The poster child for a dreadful cannabis project

“This location is in a high fire-risk area. The 10-foot-wide, mile-long dead-end access road violates Cal Fire’s regulations, which require two, 10-foot traffic lanes. The county unconscionably exempts pre-1991 roads (essentially the entire county) from these regulations.”

The poster child for a dreadful cannabis project

By Craig S. Harrison and Deborah A. Eppstein

In late 2018, Permit Sonoma (PRMD) briefed the county Board of Zoning Adjustment commissioners about the hundred cannabis cultivation permits being processed. A male voice on the tape shouted out “bring ‘em to us and we’ll approve them all.” Deputy Director Jennifer Barrett thanked him.

This rubberstamp attitude was evident on Nov. 14. Five commissioners unanimously approved a conditional use permit on Grange Road in Bennett Valley. Commissioner Shahhosseini fiddled with his smartphone and ignored twenty minutes of community opposition. Other commissioners seemed distracted.

The project is egregious. The property owner has six felony convictions for lying and filing false documents to bilk the state while directing an electronics recycling company that violated environmental laws. The grower, Brian McInerney, lacks a required state license after three years of operations. Under the penalty relief program (PRP), the county allows cultivation in violation of CalCannabis rules. Dispensaries purchase only from state licensees, so any sales are black market.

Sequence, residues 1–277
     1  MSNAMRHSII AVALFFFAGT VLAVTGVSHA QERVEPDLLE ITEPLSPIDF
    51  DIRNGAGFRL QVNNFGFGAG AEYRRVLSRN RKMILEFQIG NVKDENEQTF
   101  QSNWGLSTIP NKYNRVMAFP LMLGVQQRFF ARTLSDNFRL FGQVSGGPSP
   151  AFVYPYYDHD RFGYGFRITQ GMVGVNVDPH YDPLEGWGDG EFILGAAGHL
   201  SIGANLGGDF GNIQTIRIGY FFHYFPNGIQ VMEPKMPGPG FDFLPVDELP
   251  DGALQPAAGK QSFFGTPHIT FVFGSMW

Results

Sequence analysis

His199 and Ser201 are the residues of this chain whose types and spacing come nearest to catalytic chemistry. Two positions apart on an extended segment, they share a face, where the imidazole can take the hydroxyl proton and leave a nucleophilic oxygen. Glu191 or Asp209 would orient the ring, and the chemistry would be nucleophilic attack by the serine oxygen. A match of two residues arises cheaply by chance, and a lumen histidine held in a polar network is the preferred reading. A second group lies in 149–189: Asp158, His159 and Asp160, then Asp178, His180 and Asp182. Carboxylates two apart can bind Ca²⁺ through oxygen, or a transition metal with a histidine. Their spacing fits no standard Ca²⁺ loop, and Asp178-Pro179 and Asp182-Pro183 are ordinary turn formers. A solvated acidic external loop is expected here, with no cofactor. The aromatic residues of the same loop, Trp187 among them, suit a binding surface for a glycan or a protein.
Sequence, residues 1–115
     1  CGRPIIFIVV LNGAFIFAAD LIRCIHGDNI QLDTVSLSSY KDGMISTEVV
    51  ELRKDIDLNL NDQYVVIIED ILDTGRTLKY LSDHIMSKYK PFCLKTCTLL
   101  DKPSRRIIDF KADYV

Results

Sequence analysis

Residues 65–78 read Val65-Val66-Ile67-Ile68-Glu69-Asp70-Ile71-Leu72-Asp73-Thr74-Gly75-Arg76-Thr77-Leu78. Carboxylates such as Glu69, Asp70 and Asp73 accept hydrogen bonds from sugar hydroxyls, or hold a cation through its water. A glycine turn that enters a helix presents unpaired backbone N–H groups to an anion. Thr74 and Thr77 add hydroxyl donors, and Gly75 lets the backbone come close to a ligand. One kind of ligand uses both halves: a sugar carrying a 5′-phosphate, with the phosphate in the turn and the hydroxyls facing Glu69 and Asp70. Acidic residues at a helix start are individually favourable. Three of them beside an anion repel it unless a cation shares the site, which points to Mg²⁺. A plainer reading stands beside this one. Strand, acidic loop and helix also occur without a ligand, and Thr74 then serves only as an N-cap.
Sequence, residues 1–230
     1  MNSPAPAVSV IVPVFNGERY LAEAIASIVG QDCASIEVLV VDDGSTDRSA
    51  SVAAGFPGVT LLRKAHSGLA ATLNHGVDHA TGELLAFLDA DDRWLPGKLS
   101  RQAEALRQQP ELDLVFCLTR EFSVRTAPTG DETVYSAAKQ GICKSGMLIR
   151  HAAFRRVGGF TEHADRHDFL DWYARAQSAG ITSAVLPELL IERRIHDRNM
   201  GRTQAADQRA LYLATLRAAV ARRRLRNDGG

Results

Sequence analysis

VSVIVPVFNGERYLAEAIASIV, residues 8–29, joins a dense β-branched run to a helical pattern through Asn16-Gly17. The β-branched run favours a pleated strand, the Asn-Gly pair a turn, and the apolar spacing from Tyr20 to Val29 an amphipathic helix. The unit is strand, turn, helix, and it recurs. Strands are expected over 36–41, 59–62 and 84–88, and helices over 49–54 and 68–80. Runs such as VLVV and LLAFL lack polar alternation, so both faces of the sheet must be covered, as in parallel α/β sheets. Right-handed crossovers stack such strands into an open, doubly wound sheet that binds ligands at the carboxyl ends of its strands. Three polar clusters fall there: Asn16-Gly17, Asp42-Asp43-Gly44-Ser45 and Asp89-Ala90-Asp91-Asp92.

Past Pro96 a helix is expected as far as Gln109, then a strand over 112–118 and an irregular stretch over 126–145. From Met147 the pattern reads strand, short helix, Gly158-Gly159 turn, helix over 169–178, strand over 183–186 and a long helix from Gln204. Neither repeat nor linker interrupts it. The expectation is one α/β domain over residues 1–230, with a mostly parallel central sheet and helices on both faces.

PRMD negligently allowed this unpermitted grow. Satellite images reveal that no cannabis was planted by July 9, 2017, past the July 5 county deadline. McInerney claims he began June 30, but the corporate operator and landowner LLCs formed on July 17 and 18, respectively. The property wasn’t conveyed to the property owners’ LLC until Aug. 30, long after the grow purportedly began.

When asked to prove that he qualified for the PRP by beginning before July 5, McInerney produced a lease dated and signed Aug. 1, 2017. He was in the PRP under false pretenses. Just before the hearing, McInerney ginned up a revised lease that is identical to the original (hand-written parts and signatures are identical), except that start and signature dates are backdated to Jan. 1. The fraudulent lease shows lack of respect for the law and judgment of county officials. Sadly, that assessment is warranted. Commissioner Ariel Kelley was troubled by the phony lease, but approved the permit anyway. Both the PRP application and the permit conditions state that providing false information during the permitting process will result in rejecting the application. So why approve this permit?

In a lawful society, someone caught forging documents for financial gain would be punished with incarceration, a steep fine, and disgorge all profits made from the fraud. Here, the applicant instead retains his ill-gotten gains from three years of cultivation and is rewarded with a five-year permit to continue.